We recently started to increase our consumption of yogurt – Eli loves it with mashed bananas, and we like to use it in homemade granola or strawberry-banana flaxseed smoothies. But with the rising food costs, spending $5 a week on 2 quarts of Trader Joe’s Cream Line French village yogurt, as good of a deal that it is, doesn’t make the cut for our budget.
Yogurt-making hasn’t boded well for me in the past. I tried it once, only to find my yogurt half-set and as tart as a lemon. My Turkish neighbors make their own yogurt all the time, and make it look so easy, so that spurred me on to try again. I started to scour for recipes on the internet and fiddle around, and after a bit of trial and error, this is the recipe I like:
Jenni’s Homemade Yogurt
Makes 4 cups
1 qt whole milk
1/3 cup nonfat powdered dry milk
2 tbsp starter yogurt
1/4 c. heavy cream (optional)
Mix the whole milk with the powdered milk and cream (the cream adds a bit of silkiness to the texture.) Pour into a saucepan, and heat until bubbles form around the edge (180 degrees). Cool to 110 degrees. Take a ladleful of warm milk and in a separate bowl whisk it together with the starter yogurt. Pour the starter/milk mixture back into the pot of milk and whisk thoroughly to combine. Pour into a 1 qt container (I use old yogurt containers that have been washed thoroughly), and set in a thermos or cooler and surround with hot water. I’ve used a cooler and filled old glass jars with hot water, or a thermos that’s large enough to hold the container of yogurt plus some hot water on the bottom. It should just be hot water, not boiling. Cover the thermos/cooler, and let incubate for 5-6 hours (some recipes call for longer, but we’ve found that it gets too tart that way).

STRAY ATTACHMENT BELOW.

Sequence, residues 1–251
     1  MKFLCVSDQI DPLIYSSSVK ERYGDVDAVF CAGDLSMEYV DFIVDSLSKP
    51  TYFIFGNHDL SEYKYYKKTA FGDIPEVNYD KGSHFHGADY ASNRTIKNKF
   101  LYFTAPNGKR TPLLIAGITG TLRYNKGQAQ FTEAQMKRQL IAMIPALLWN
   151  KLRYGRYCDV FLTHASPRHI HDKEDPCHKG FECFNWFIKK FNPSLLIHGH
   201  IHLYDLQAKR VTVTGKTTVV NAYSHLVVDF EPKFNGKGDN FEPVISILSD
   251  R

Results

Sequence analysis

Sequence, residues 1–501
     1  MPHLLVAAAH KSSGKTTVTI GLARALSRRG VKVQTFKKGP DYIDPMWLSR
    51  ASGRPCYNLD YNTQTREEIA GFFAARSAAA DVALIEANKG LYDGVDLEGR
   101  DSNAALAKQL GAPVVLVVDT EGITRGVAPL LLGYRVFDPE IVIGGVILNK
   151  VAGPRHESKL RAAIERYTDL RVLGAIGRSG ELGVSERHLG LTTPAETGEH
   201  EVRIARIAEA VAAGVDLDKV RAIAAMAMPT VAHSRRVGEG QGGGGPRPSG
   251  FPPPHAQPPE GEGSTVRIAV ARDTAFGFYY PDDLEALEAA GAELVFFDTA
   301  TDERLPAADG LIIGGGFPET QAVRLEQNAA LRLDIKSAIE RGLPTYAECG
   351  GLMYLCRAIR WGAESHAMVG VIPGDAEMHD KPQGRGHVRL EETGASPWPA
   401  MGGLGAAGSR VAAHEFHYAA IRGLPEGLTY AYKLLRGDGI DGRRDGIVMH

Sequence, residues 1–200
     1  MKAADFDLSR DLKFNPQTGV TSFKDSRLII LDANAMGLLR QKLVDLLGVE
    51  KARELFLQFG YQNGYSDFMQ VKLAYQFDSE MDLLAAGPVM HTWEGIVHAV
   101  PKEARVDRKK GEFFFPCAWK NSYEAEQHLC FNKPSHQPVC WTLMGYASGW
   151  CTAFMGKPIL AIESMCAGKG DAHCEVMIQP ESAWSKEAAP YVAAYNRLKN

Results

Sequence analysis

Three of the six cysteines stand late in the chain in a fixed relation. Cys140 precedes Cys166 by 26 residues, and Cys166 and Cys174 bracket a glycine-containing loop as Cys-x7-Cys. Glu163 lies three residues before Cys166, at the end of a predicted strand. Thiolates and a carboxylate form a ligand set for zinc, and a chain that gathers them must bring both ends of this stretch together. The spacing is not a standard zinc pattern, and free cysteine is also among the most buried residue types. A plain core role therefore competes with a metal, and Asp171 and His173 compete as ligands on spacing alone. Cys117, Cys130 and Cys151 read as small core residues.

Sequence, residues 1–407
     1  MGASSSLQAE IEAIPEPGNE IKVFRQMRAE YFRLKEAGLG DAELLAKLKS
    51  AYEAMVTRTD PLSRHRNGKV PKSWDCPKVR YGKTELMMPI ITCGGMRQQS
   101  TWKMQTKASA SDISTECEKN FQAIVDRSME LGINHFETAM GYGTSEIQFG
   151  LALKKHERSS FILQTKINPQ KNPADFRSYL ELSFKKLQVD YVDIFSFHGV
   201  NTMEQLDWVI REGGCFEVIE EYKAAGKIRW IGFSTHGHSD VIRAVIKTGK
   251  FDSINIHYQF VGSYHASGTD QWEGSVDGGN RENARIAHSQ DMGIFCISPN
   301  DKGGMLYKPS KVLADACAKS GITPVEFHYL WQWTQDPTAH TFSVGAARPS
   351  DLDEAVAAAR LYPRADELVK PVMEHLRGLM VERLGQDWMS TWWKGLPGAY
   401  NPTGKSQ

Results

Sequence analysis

You can also use a yogurt incubator, which usually sells for between $25-50, but I’ve been pretty happy with the results we’ve found using coolers. Michael says he likes this yogurt better than the store-bought.
Additional notes: I use a candy thermometer to gauge the heat of the milk. You can try to do it by finger tests, but it’s easier for me with a thermometer. I purchased one at Williams-Sonoma for $19.99, and given that we’re now making yogurt for $1.25 a quart at two quarts a week, I know that the thermometer will pay for itself.
Starter yogurt is simply plain yogurt with live active cultures. You can check the label on the container to see if it contains live cultures. You can use starter from the yogurt that you make, but after a few batches, you usually need to use some fresh starter. A tip I picked up on the internet is to get a big container of plain yogurt and freeze it in ice cube trays (an ice cube is just about 2 Tbsp). When you need fresh starter, just pull one of the cubes out of the freezer and let it thaw to room temperature (I’m not sure if microwaving it will kill the active cultures, but you can try).